The Peel Monument was built in memory of Bury-born statesman Sir Robert Peel, twice the Prime Minster of the UK in the 1830s and 1840s, and best known for police reforms that resonate today.
The Gothic Revival tower is 40 metres tall, atop Holcombe Hill, and was erected in 1852, two years after his death.
Here on the southeastern ridge of the West Pennine Moors there’s a breathtaking view south over Greater Manchester, Cheshire and across to North Wales.
The scenery is even better from the top of the tower, but you can only climb these 148 steps on heritage days.
Complementing this monument there’s a statue of Peel on Bury’s Market Place.
6. Bury Parish Church
An exceptional piece of Victorian neo-Gothic architecture, the town’s Parish Church has stood at the highest point of the town since 1876. There had been a wood and thatch church in this place in Saxon times, while the stone Gothic building from the 16th century had to be pulled down in the 19th century.
What you might find interesting is that the spire is actually a rebuilt section on of the older church, raised in 1842. The remainder was designed by James Crowther, with elaborate mosaic flooring and a hammerbeam and tie-beam roof.
One fitting from the previous building is an 18th-century stone pulpit carved in memory of Roger Kay, founder of Bury Grammar School.
The stained glass windows also warrant some time, designed by prestigious Victorian studios like Hardman and Clayton and Bell.
7. Bury Art Museum
The town’s art museum was established shortly after the children of paper manufacturer Thomas Wrigley donated his collection of more than 200 paintings, prints and ceramics to the town in 1897. The museum opened on Moss Street in 1901 and Wrigley’s donation is still vital.
There are pieces by J. M. W. Turner, John Constable and Edwin Landseer.
Later additions include works by George Clausen, Edward Burra and the British abstract pioneer Victor Pasmore.
Browse the attached Bury Sculpture Centre, as well as any short-term exhibitions . In summer 2018 there was the Hayward Gallery touring exhibition, Shonky, delving into the nature of visual awkwardness.
8. The Met
The Neoclassical Derby Hall on Market Street has been a live music venue since 1979. The Met is a linchpin of the Greater Manchester arts scene and wins awards practically every year, most recently as Small Music Venue of the Year in 2017 (Northern Soul Awards). Joy Division played a curtailed concert here in April 1980, which ended in a riot because troubled frontman Ian Curtis wasn’t present.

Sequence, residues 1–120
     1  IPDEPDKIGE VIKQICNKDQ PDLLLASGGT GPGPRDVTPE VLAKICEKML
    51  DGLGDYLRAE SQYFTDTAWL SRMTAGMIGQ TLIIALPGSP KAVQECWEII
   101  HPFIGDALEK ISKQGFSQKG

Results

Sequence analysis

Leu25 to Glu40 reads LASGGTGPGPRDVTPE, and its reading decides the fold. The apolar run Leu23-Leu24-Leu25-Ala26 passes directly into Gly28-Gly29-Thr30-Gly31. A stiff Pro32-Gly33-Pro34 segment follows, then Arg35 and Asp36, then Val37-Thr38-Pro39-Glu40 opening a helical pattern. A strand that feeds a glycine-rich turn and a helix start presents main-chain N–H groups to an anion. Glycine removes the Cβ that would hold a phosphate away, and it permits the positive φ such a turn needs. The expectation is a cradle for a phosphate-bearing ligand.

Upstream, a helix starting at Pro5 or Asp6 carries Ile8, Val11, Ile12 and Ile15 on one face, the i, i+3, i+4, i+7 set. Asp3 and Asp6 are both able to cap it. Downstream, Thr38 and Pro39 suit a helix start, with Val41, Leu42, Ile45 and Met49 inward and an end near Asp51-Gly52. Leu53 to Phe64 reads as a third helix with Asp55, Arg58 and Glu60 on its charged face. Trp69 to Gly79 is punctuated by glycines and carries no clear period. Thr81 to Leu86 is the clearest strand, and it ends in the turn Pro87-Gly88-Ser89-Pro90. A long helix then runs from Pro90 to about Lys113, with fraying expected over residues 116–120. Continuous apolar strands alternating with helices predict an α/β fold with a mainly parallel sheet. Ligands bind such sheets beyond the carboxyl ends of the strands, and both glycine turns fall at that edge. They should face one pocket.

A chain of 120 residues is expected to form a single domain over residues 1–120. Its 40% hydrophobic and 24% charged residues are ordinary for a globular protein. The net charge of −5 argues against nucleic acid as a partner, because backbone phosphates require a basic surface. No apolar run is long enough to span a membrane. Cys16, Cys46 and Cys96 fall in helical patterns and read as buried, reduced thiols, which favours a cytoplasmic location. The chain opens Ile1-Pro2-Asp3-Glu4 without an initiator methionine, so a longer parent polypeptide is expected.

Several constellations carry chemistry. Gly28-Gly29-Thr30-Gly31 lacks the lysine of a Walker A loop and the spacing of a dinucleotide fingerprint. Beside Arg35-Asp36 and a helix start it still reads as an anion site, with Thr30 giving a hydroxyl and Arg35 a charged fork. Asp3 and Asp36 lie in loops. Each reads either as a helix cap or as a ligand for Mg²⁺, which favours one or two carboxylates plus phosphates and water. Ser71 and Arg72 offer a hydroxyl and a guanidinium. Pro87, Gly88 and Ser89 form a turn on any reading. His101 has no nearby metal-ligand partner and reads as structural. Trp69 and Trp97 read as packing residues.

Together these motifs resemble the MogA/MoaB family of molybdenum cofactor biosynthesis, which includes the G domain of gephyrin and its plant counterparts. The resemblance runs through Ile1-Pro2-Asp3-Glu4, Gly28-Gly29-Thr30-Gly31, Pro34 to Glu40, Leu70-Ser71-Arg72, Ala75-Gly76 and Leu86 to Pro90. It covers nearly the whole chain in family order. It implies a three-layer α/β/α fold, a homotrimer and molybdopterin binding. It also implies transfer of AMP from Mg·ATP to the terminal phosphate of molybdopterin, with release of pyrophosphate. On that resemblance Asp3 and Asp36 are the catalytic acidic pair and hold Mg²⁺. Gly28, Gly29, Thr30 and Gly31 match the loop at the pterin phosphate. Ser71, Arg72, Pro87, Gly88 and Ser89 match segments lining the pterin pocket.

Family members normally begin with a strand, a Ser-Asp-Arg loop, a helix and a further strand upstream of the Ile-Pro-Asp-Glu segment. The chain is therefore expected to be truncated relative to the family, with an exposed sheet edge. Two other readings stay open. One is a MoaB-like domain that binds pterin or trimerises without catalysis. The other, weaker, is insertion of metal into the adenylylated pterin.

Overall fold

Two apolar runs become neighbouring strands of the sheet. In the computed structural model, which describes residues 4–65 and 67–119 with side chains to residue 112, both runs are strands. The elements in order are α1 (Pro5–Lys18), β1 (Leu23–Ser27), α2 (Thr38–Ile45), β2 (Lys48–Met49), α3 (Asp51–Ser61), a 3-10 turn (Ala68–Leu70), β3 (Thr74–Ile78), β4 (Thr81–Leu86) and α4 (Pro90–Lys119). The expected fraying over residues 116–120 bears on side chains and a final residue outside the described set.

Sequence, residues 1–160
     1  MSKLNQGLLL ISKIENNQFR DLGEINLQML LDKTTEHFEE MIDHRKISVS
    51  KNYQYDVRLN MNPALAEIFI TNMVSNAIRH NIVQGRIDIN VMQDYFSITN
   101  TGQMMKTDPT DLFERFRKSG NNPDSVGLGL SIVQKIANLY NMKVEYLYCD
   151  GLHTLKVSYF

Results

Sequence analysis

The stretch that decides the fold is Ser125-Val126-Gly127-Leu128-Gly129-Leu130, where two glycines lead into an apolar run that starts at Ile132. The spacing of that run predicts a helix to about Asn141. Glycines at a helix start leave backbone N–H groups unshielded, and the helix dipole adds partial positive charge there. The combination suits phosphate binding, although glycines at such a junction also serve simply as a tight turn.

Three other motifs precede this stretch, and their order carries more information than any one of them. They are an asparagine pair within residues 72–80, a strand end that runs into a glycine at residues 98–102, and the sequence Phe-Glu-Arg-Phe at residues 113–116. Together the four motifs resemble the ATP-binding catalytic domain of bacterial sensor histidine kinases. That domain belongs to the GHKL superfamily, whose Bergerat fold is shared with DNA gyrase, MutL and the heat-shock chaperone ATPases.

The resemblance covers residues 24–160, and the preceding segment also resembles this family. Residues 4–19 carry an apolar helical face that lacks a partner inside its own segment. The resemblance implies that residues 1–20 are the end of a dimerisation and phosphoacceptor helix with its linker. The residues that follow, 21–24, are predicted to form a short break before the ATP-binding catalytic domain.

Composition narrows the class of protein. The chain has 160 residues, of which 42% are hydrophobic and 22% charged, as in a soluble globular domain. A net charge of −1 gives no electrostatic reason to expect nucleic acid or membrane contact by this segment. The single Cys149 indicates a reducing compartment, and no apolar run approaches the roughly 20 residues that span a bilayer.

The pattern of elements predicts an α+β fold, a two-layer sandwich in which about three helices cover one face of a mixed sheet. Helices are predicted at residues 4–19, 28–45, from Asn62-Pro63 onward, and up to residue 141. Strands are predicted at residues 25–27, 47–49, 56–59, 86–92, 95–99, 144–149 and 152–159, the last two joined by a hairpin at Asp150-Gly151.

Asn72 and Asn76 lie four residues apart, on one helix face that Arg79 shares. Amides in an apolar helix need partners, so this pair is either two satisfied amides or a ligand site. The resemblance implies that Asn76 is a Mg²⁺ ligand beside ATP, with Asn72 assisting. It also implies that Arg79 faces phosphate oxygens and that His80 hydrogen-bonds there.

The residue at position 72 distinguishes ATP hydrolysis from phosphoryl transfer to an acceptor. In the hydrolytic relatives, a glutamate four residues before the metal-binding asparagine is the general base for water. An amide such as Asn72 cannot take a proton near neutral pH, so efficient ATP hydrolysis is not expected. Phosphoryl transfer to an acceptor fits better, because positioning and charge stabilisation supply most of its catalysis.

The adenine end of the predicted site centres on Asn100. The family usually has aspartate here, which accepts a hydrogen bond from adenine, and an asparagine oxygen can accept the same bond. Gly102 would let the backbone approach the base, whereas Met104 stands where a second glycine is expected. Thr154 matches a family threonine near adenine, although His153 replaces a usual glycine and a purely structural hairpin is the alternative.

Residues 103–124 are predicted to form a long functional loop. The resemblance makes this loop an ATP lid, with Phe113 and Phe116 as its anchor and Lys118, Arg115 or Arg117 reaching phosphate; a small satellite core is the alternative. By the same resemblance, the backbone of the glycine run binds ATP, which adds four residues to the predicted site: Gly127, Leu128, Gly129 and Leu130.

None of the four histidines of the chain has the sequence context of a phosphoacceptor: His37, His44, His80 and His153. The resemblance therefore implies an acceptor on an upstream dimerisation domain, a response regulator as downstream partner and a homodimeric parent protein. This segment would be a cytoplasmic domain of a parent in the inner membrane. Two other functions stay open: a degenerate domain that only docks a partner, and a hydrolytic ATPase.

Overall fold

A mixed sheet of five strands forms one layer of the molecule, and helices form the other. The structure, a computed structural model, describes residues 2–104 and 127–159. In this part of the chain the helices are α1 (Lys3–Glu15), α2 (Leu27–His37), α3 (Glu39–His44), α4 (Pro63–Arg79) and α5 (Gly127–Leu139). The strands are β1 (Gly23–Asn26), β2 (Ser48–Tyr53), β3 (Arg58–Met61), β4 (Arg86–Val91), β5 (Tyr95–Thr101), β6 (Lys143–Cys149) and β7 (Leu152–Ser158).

There are two up-to-date performance spaces inside, well-regarded in the region for their well-curated folk music programme.
The charity that runs the Met also organises the Head for the Hills Festival, an indie rock and pop festival in the town of Ramsbottom every September.
Check the calendar as there’s also comedy, spoken word, amateur drama productions and storytelling for children.
9. Whitehead Gardens
A small but neat formal park a stone’s throw from the town centre, Whitehead Gardens commemorates Walter Whitehead.
Born in Bury in 1840, Whitehead was one of the leading surgeons of the period, and a few procedures he invented became standard treatments.
He is remembered with a theatrical clock tower, built shortly after his death in 1913. Surrounded by colourful flowerbeds, this Eclectic monument is built from white Portland stone and abounds with decorative carvings, in niches, on corbels and as wolf-like gargoyles on the four corners over the clock faces.
10. Bury Castle
On Castle Square at the south flank of the Parish Church you can find the faint remains of a fortified house, once the seat of the Lords of the Manor of Bury and Pilkington.
What’s left of the house dates to 1470 and was built by Sir Thomas Pilkington.
It didn’t last long, as Henry VII ordered it to be razed after Thomas Pilkington supported the defeated House of York at the Battle of Bosworth in 1485. By 1540 Bury Castle was described as a ruin and come the 19th century most of the stone had been reused to build the growing town.